As conversations about defunding police departments continue nationwide, Cal State Fullerton has carried its own discussion regarding the future of the University Police at the Associated Students’ board of directors meeting on Tuesday.
Danny Kim, vice president of administration and finance — which University Police is part of — said that there have already been budget cuts to the campus police as a result of the pandemic’s financial impacts, calling their budgets “strained.”
“Our police went through a budget reduction like everybody else,” Kim said during the meeting. “Their resources are pretty constrained and there's actually been layoffs, and also they've reduced management there.”
The three captain positions have been reduced to one, as well as eliminating one to two other positions and shrinking the community service officer program, Kim said.
He brought up the difference between university and city police: though the city police department often involves pursuing crime, that university police largely focuses on keeping the campus safe. Most of the officers are Cal State University alumni or have been recruited from other campuses rather than from larger city police forces, he added.
The creation of the Chief’s Advisory Board, which recently had its first meeting, is being used for discussion and transparency regarding the University Police, Kim said.
“Our UPD has done a lot more than any of my other departments when it comes to (Diversity, Equity and Inclusion) training, and making sure that there's a movement to make sure that the culture of the police department aligns with the campus approach and culture,” Kim said.
Marcus Reveles, the ASI president, said that the subject of defunding CSUF’s campus police has been in discussion.
“With this being a hot topic at the moment, it was an idea thrown around actually by the chief advisory board to conduct some meetings between students and the chief advisory board faculty, administration and campus police of what that feasibility might be,” Reveles said.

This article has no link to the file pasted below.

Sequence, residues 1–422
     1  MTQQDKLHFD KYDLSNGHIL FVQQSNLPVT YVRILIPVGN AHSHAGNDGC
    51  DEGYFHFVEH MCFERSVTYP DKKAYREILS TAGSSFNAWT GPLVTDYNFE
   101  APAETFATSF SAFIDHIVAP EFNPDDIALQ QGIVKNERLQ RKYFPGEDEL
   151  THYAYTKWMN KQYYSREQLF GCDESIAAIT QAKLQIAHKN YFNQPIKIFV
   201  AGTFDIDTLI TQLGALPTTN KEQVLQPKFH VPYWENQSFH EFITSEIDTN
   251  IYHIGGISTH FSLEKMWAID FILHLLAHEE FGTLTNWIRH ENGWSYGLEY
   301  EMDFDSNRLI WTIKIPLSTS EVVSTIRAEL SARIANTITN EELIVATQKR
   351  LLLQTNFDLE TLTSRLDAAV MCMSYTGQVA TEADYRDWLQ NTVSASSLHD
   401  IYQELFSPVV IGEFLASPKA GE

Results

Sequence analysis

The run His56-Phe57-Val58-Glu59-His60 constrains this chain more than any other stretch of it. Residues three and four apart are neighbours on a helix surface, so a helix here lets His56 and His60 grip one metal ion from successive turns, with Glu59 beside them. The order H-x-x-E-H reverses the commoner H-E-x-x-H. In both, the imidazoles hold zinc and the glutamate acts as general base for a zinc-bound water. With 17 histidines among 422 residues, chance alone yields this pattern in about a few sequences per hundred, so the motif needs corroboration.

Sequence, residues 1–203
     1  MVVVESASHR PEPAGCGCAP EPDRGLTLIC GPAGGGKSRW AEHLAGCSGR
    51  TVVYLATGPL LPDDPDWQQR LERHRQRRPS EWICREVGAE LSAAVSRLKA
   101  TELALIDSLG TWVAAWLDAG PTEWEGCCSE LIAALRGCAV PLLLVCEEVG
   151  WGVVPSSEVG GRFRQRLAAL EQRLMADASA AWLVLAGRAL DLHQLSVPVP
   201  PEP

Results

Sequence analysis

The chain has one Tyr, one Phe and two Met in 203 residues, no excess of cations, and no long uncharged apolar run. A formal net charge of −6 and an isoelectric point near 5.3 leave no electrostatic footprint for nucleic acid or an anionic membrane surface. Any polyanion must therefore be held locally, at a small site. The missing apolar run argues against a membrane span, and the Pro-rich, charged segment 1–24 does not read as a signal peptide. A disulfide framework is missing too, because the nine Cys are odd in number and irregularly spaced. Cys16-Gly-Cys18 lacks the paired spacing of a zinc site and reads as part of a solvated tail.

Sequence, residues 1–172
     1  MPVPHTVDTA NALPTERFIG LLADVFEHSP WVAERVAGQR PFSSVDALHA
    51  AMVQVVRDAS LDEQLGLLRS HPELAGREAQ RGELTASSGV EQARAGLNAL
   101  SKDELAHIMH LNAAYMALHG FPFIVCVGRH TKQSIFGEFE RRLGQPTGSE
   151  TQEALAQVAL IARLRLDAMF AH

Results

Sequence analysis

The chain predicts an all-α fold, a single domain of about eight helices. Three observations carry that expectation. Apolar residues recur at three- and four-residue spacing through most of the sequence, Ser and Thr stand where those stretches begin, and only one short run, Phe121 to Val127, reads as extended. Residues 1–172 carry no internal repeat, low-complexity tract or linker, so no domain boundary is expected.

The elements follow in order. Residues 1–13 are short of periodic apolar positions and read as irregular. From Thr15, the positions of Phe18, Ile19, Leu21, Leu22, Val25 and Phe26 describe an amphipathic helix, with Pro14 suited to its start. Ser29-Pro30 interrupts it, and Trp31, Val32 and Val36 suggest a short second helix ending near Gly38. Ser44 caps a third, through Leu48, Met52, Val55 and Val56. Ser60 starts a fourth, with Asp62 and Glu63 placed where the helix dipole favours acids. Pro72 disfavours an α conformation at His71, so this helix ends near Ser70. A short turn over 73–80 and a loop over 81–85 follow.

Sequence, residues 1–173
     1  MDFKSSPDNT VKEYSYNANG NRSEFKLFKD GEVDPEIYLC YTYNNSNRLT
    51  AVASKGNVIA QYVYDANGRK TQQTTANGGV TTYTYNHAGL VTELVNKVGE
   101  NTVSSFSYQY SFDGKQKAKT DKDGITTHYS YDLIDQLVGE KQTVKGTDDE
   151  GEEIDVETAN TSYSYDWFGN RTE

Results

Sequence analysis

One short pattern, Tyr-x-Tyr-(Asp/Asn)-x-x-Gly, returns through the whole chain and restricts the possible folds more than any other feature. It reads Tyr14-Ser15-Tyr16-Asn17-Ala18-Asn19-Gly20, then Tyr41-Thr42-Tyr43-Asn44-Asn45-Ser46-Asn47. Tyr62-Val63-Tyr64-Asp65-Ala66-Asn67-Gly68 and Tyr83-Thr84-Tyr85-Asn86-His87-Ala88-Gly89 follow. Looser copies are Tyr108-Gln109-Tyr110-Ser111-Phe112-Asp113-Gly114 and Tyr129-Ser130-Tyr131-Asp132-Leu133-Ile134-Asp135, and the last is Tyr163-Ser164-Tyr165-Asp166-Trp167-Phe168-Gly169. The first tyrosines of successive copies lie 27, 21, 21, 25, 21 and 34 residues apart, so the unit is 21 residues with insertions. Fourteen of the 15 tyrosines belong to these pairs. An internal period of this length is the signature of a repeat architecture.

These discussions were primarily sparked in May when George Floyd, a Black man, was killed in Minneapolis after an officer knelt on his neck for over 8 minutes. Floyd’s death reignited calls to defund the police to the forefront of political conversation.
The concept of defunding the police typically involves cutting funds from police departments and reallocating them into community services, such as mental health resources. Support for the movement can range from minor cuts to law enforcement budgets to police abolition entirely.
The California Faculty Association was among those to criticize the police in June, and in a statement said they would strategize to “make our communities safer by demilitarizing and disarming local and university police.”
Students for Quality Education, a student organization throughout the CSUs, echoed the association’s calls to defund police and has advocated for campus police budget cuts to be reallocated into the community.
Raymund Aguirre, CSUF’s chief of police, released a statement following Floyd’s death condemning the actions of immoral law enforcement.
“There are some in professional policing that stand idly by and allow illegal and immoral behavior from colleagues to continue without repercussion,” Aguirre said. “I was disturbed, angered and devastated to the core by what I saw, and I know my department feels the same way.”